Inner Drivers towards studying Urdu

Interest

Ability

Career

There will be some external influences also which may play a vital role towards Urdu learning. Parents are the first point of contact or communication and if they speak the language at home, learners will automatically pick up the language. Parents also can raise and enhance motivation towards Urdu study. Teachers also influence the learners and media also plays an important role to learn and make any language popular. The author’s above mentioned point of view is described in the self created figure below:

Still there seems some need to enhance the interest of young generation towards Urdu learning. If young generation appears not to pay any serious attention to the Urdu language, it is due to lack of interest and opportunities they do not know, Urdu has a wealth of literature and has produced great scholars.

External Influences towards Urdu

Study

Family

Teachers

Media

Urdu has wonderful poetry, Novel, Fiction and Prose. So, the process of learning Urdu may take place in educational institutions. Here is the author’s self created figure which shows the role of school, teacher and classroom in the learning of Urdu language.

School

School Leadership

Interest in Languages

Relationship with community

Motivational Environment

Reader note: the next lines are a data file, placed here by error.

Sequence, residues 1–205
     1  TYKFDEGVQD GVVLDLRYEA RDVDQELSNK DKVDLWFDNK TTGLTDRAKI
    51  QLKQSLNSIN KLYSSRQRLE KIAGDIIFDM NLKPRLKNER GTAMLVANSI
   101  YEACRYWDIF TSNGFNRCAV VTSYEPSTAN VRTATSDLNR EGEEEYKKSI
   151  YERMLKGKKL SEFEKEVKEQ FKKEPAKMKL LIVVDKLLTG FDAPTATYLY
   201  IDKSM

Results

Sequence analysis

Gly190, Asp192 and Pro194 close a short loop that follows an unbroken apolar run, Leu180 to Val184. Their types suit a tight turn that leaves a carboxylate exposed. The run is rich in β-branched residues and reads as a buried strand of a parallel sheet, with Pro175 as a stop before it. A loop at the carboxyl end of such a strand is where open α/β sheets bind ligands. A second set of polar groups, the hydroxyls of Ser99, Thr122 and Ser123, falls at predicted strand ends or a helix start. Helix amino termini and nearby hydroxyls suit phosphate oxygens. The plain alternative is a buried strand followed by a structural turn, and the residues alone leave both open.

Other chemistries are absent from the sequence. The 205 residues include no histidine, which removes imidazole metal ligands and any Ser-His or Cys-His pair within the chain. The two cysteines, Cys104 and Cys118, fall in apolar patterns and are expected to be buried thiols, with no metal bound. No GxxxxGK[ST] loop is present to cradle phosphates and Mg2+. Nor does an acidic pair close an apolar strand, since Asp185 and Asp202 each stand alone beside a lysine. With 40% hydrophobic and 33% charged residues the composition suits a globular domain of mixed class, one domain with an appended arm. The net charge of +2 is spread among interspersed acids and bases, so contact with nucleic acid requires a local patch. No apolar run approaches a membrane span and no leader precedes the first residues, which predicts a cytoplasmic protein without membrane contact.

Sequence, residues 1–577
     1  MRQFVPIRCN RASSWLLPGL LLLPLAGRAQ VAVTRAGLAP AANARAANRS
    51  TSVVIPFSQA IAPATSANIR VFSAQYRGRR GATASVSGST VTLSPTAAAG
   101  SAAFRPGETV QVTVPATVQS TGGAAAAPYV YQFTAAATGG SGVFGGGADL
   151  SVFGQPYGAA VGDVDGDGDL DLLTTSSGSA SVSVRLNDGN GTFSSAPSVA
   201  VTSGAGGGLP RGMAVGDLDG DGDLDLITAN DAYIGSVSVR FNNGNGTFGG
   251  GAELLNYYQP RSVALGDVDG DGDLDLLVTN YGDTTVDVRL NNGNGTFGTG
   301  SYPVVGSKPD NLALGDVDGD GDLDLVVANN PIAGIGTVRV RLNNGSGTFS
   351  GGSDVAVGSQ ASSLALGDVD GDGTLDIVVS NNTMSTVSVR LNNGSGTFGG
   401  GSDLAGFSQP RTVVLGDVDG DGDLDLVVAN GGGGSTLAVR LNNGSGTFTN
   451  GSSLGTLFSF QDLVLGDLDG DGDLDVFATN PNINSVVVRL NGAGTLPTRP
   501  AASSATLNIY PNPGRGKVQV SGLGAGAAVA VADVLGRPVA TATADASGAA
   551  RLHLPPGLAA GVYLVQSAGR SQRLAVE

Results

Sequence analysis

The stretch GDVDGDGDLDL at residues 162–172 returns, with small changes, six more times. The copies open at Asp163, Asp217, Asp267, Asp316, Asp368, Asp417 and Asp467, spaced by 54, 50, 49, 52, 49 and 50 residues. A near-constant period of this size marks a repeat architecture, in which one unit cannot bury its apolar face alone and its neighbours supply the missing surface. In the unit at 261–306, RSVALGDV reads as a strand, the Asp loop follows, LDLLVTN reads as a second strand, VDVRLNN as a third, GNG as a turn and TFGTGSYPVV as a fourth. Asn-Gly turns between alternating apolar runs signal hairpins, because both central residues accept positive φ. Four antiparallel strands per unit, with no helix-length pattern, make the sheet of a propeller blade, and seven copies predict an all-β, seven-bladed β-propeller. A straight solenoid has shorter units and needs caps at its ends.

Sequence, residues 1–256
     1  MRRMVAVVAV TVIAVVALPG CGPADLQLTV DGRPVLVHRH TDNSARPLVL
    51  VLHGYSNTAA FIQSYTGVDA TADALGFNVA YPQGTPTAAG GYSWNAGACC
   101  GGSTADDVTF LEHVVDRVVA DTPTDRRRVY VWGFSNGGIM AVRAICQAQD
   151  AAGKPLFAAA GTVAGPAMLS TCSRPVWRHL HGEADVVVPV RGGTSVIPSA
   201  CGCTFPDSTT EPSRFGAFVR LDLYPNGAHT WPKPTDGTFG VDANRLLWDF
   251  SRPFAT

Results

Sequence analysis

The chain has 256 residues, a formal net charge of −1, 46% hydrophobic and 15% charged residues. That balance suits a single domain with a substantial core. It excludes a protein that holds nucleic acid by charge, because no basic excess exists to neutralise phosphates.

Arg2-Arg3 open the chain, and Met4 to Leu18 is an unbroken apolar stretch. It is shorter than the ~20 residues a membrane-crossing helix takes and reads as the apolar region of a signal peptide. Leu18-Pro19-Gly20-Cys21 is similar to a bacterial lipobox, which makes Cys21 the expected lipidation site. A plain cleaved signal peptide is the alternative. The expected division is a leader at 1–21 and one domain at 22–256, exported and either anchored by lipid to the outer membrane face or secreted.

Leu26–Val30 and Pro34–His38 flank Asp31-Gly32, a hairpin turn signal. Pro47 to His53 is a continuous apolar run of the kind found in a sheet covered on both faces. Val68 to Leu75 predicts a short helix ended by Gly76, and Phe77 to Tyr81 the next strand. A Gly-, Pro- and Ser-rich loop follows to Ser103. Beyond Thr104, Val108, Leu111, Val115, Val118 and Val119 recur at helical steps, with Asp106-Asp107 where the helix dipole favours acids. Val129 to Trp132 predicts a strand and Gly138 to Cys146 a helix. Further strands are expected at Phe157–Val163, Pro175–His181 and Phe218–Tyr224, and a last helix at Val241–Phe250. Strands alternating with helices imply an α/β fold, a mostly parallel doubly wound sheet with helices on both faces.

Teachers

Teacher Academic Skills

Teaching Methodology

Teacher Experience

Professional Development

Classrooms

Course Content

Pedagogy

Technology

Class Size

Resources

Student Learning of Urdu Language

In the light of above mentioned evaluation and implication for practices, there is a need to make Urdu the language of employment and professionalism. There is also a need to introduce higher education courses in Urdu combined with Historical Studies, Language and Linguistics, Film Studies, Philosophy and Religious Studies, Literary Studies and Drama and Sciences and Psychology, as well as medical professions and health and social care. In the light of above mentioned realities, the study may be declared very successful having a considerable value for the author as well as for others interested in the area to draw some conclusions about the future of Urdu in the UK. The worth may be due to some reasons in which the major reason describes a remarkable number of youngsters having Urdu as their mother tongue and their motivation towards Urdu learning even at their degree level. The study is exactly according to the expectations of the author and fears of the head teacher and the author about the declining situation of Urdu proved not to be true. However there is need to provide opportunities to young generation to learn Urdu. The author was much focused during study as the survey was of personal interest of the author and so, concentration and focus remained target oriented having no digressions.

This study seems casting very significant influences on the author as, now the author is much determined to apply such techniques while teaching in classroom which may be more and more helpful to create interest for students in Urdu learning. Equipped with the overwhelming trends for Urdu learning, the author may create and enhance taste for Urdu learning better than before in classroom and thus may contribute to make Urdu a living language in the UK.